When it comes to releasing albums, how come you usually stick to a 10-song tracklist on all of your projects? Is there a significance behind that setup?

It’s definitely intentional, every Tourist album will always be 10 tracks. If you can’t say it in 10, you can’t say it.

You’ve mentioned that your latest album ‘Inside Out’ was written in response to the sudden loss of a close friend. How is it different creating an album that serves as a response to something and a catharsis, vs creating music as a consequence of tinkering with interesting ideas? 

I think I didn’t realize the album was in response to this terrible event until right at the end. I looked at what I had been writing for the past year and it was clear that I was writing music inspired by my friend, all of the track names, the samples, the mood. All of my previous albums were very intentional, I sat down and thought - I’m going to write an album. “Inside Out” is the absolute opposite of that, it is almost diaristic in its form. It was simply what I was writing in the year after something life-changing happened to me.

For you, what are some of the lessons that arise from the death of a loved one? And apart from music, what were among the things that helped during the grieving stage? 

I think it only reaffirmed some of my instincts about life. We really only have now, we don’t have yesterday or tomorrow, we just have now. We have each other, and in each and every moment we get a choice as to how we treat each other. My friend was an exemplar of compassion and kindness, a real benchmark of a human being. What helps me is knowing that I too will die one day, and I should embrace that when I’m stressed about insignificant, trivial things. My brother-in-law once told me, “it might not feel like it now but there are many lessons in death.”

How does the minimalist artwork of Inside Out reflect the mood and experience you’re introducing listeners to? 

I saw it and it immediately grabbed my attention, it's a photo that looks both forward and backward at the same time - which is so true of life, we are all consumed by what’s going to happen and by what’s about to happen. We are rarely present. The artwork feels enjoyably disorientating and peaceful all at once.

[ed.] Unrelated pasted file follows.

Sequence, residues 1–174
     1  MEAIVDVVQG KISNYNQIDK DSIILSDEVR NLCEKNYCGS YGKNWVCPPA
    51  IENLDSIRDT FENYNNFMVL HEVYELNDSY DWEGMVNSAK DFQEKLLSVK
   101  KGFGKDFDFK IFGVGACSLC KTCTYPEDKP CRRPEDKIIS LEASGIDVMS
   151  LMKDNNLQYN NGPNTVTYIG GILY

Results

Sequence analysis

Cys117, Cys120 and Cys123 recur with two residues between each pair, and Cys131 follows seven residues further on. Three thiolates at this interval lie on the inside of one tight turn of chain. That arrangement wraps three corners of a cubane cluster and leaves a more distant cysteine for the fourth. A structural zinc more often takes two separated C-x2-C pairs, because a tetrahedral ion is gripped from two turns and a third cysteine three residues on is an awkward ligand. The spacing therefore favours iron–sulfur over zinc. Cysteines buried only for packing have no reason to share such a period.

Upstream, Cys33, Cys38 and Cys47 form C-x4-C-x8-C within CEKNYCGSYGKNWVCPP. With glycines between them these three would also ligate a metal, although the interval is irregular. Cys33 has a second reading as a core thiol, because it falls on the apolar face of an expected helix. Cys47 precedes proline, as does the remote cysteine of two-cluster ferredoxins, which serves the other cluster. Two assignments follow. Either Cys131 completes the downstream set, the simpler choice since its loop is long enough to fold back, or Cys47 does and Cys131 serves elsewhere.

Talking about artwork… What were there any visual influences such as films, paintings, etc, that informed your sonic direction? 

Not really, this was all about sound! A big part of what I do is based on impressionism, giving a hint of what you are trying to convey, a fleeting collage-like feel but there were no specific influences.

Out of the numerous themes you dive into, which would you say was the hardest to confront and convey? 

It was all pretty hard really, but I think because of that, that’s why the music might feel uplifting. I didn’t want to write a sad, mournful record, I wanted to write a record that was joyous and ephemeral.

What was it about “Avalanche” and “Your Love” that made for the perfect singles?  

“Your Love” is about the love of a friend, the purist most uncomplicated love there is. “Avalanche” is about losing that friend suddenly. These two tracks sum up the central story of the album.

In a previous interview, you mentioned you “try not to think” in your music production process. To take this further, for you what does it look like and feel like to be in a flow state? 

It feels exactly like not thinking. The polar opposite of preoccupation and worry. It feels instinctual, purposeful and meaningful.